Wireless LAN Makes World Cup Debut

14 Jun 2002
When Ireland scored three goals against Saudi Arabia here on Tuesday night to secure its place in the final 16 of the World Cup, photos of the goals were sent from the sidelines of the pitch and were on their way to newsdesks of papers and Web sites the world over as the game was still being played. The fast image transmission was made possible by a wireless LAN system, used for the first time at a World Cup. Using digital cameras, press photographers can send images from their seats at the edge of the pitch across the network and back to their offices in record time, meaning fans the world over get to see them on Web sites and newspaper special editions right after the game. 
The network at Yokohama Stadium is duplicated at the other 19 stadia in South Korea and Japan hosting World Cup games and also at the International Media Centers in Seoul and Yokohama. It is being provided by Avaya Inc., an official sponsor of both the current tournament, the Women's World Cup in China in 2003, and the next World Cup in Germany in 2006. 
Working with Photostream International Pty. Ltd., a McKinnon, Australia, company that specializes in providing wireless LAN service to journalists at sporting events, Avaya has installed a single access point to cover the area inside each stadium and has around 10 at each of the media centers. Photostream has used such systems at international sporting events in Australia and says photographers like the speed with which they can get images back to their offices, thus increasing the chance of having their picture on the front page of the next day's newspaper.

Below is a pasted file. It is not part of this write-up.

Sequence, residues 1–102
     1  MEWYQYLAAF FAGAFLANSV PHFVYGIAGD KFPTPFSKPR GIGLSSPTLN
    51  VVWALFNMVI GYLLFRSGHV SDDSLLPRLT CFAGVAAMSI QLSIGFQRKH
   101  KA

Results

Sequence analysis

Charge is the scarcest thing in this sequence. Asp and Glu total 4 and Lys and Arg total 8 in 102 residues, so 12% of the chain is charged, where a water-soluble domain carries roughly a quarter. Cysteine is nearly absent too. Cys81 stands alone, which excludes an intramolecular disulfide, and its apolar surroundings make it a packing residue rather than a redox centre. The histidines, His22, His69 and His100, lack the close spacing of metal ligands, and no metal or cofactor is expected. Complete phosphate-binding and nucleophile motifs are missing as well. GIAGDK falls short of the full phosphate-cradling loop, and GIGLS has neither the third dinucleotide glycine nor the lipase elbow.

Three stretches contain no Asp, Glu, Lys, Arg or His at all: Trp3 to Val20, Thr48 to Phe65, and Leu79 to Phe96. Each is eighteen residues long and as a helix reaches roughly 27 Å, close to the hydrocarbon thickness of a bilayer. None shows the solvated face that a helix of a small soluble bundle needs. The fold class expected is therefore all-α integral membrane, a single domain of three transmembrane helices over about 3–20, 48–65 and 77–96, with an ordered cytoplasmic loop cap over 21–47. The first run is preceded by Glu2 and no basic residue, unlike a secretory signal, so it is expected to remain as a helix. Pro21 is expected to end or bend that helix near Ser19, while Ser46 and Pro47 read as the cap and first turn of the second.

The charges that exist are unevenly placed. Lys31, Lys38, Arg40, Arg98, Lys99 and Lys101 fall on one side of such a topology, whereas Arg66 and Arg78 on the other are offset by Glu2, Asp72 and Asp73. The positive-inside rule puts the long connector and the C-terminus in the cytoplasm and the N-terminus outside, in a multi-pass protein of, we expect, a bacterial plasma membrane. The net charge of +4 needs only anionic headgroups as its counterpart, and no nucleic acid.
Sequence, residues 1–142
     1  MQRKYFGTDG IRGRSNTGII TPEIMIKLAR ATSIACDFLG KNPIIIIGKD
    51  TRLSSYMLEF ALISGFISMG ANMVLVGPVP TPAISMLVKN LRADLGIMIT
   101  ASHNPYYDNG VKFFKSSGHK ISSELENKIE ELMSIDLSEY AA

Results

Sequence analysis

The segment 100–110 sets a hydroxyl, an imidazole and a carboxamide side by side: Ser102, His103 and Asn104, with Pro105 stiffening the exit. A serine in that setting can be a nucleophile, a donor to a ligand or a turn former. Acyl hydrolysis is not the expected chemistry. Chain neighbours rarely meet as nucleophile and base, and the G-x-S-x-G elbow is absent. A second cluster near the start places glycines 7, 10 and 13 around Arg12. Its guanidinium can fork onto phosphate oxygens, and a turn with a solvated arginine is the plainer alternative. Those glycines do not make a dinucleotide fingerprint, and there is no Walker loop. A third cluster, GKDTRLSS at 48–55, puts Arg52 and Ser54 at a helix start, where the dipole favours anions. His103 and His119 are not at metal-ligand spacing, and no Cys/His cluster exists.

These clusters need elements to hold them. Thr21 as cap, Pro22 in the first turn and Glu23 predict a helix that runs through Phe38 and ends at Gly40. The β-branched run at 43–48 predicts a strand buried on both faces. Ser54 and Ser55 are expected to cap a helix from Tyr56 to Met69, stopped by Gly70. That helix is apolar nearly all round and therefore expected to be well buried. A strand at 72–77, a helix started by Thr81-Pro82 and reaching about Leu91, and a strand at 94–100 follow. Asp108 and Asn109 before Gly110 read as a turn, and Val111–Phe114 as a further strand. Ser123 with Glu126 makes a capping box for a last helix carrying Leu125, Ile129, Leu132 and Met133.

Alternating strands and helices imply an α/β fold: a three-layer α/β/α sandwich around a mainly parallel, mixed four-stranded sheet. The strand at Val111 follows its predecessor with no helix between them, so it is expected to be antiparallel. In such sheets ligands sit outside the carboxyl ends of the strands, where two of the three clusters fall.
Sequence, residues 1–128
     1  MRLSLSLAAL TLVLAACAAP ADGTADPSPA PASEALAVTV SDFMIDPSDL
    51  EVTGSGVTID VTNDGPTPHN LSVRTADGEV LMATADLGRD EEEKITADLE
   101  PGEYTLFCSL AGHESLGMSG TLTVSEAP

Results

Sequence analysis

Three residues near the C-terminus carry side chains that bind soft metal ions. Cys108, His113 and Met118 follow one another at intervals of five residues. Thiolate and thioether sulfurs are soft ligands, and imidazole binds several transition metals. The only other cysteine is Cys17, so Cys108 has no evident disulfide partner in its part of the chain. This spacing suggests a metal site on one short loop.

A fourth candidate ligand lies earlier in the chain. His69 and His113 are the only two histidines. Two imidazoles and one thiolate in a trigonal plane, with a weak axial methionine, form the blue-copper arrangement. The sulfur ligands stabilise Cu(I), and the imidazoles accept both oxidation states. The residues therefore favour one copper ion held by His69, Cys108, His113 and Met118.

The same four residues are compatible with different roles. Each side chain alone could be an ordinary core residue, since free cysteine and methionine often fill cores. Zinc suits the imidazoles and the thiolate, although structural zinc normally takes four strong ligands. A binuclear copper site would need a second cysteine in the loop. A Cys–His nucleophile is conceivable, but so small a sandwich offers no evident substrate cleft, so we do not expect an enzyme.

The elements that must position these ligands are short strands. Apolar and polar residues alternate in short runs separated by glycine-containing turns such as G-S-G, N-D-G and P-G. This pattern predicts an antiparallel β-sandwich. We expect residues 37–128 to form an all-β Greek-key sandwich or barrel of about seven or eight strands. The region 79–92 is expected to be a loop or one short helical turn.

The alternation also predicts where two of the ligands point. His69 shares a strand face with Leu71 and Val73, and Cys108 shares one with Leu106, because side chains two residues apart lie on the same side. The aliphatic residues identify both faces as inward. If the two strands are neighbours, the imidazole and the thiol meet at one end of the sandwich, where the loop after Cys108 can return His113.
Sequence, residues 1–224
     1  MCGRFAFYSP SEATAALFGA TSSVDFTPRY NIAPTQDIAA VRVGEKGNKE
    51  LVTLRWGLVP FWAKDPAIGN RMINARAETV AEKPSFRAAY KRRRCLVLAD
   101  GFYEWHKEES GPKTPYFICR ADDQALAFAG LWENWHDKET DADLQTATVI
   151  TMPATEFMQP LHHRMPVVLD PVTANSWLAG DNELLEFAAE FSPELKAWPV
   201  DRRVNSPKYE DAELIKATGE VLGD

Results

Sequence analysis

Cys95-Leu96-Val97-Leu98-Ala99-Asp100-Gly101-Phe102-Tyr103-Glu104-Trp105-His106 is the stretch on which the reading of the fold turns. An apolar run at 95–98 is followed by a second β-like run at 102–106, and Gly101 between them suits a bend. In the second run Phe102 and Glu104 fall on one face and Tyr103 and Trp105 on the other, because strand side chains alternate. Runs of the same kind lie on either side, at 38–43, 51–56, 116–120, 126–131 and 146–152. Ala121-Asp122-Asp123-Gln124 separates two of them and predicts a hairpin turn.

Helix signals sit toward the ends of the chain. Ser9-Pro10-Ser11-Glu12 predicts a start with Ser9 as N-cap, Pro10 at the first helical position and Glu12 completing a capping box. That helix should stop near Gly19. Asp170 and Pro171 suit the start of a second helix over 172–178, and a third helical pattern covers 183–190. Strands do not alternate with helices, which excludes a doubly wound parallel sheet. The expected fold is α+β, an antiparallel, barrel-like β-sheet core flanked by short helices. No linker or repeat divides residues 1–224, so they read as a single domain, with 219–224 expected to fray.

"It's what (photographers) live for," said Jeff Holloway, director of Photostream. "They watch the entire event through their lens and never take their eyes off the back of their camera." 
To minimize interference, tournament organizer Federation Internationale de Football Association (FIFA) has clamped down on the use of radio transmitting devices at World Cup stadia. No other organizations are allowed to set up their own wireless LAN networks and other spectrum users, such as broadcasters, must get approval for any transmitting device in use, with the exception of cellular telephones. 
Any journalist using a notebook PC with a wireless LAN card must have a permit, in the form of a small red plastic badge, to show the system is approved. If not, they risk facing the wrath of the FIFA "bandwidth police," as the organization's wireless LAN compliance enforcers have become known around the stadia. 
An unapproved card will probably not get the user very far, anyway. Public wireless LAN networks are not available in the areas around the stadia and the World Cup system is employing a proprietary 128-bit encryption system developed by Avaya, which means most wireless LAN cards won't work. To use the system, journalists and photographers need an Avaya wireless LAN card and also need to get registered so the system's RADIUS-based authentication system will let them onto the network. Avaya is selling or renting its cards along with airtime, which costs ¥127,000 (US$1,010) for the entire month or ¥10,000 (US$80) per day.
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